University of Cambridge > Talks.cam > Pedagogy, Language, Arts & Culture in Education (PLACE) Group Seminars > A Patterned Past? Framing and keying in history textbooks

A Patterned Past? Framing and keying in history textbooks

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Some historical events can become important anchors in the narration of the past as well as in discussions about the future. While discussing the EU referendum, for example, David Cameron referred to the English defeat of the Spanish Armada in 1588. This ‘event’ was also evoked during the Napoleonic Wars and the two World Wars. Historical events provide frameworks for observing and understanding the present. In this process of framing, the mechanism of ‘keying’ plays an important role: in order to make sense of the world, people can ‘key’ present experiences or more recent episodes to specific past events by way of historical analogies. Van der Vlies explores these processes of framing and keying in English and Dutch history textbooks, published for students between the ages of 11-14 in the period 1920-200, in order to gain more insight into possible patterns while narrating and interpreting the past. Textbook narrations that combine different histories, places and times in a productive way generate meaning from historical combinations. The study of these cross-references between histories in textbooks can reveal widespread frames of references and possible schemata in the narration of (national) history.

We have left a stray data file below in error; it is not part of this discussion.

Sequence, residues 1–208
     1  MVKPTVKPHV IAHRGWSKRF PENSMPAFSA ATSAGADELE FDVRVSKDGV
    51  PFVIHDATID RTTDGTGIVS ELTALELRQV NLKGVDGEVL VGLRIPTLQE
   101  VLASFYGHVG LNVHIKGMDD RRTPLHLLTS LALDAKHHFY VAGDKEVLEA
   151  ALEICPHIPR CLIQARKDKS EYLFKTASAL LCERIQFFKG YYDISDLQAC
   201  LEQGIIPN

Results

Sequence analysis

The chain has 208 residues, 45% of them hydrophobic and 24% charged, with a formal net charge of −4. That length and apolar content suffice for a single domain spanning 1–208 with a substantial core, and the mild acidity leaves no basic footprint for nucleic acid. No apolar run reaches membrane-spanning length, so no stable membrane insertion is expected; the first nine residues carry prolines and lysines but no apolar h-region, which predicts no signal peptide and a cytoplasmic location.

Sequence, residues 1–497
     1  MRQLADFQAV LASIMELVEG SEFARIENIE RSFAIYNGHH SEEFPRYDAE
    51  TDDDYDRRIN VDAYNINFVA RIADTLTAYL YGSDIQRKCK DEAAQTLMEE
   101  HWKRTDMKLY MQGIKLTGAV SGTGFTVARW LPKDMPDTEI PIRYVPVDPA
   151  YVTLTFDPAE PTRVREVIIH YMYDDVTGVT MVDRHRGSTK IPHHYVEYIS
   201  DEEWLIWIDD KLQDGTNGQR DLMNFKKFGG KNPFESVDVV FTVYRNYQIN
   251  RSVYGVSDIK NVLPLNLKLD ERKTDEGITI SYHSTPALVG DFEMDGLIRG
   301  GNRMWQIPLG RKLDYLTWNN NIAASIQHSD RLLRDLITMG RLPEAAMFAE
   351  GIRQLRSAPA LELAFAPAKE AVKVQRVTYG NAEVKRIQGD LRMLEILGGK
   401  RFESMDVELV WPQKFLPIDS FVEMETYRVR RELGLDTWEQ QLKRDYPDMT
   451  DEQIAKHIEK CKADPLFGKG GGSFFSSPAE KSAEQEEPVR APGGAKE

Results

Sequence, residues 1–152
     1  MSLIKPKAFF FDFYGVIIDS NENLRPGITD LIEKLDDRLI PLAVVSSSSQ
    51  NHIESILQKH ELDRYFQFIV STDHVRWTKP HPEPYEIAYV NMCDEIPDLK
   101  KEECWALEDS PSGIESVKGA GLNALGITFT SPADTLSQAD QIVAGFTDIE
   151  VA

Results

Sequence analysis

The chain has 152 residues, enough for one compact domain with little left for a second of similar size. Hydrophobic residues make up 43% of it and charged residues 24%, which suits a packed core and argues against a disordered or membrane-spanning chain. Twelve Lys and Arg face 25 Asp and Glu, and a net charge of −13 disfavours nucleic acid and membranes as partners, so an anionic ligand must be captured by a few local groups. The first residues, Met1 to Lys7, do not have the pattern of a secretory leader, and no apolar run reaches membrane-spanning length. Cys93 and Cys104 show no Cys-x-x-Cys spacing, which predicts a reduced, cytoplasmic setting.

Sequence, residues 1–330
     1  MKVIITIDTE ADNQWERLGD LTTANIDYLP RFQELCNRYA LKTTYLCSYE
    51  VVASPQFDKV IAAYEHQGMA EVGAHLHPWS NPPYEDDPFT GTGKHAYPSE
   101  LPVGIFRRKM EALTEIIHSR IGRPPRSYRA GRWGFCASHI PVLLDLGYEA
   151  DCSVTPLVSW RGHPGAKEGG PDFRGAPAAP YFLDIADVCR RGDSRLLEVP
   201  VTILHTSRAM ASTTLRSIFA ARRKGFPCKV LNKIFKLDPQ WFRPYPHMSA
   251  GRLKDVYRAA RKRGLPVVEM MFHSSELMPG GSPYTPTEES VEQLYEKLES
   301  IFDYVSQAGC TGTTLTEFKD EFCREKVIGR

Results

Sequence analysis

Biography

Tina van der Vlies works as a lecturer and PhD candidate at the Centre for Historical Culture, Erasmus University Rotterdam (The Netherlands). Her research project on national narratives in English and Dutch history textbook in the period 1920-2000 is funded by The Netherlands Organisation for Scientific Research (2011-2016). Recently, she was awarded with the ISCHE Early Career Paper Award for her paper ‘Multidirectional War Narratives in History Textbooks’.

This talk is part of the Pedagogy, Language, Arts & Culture in Education (PLACE) Group Seminars series.

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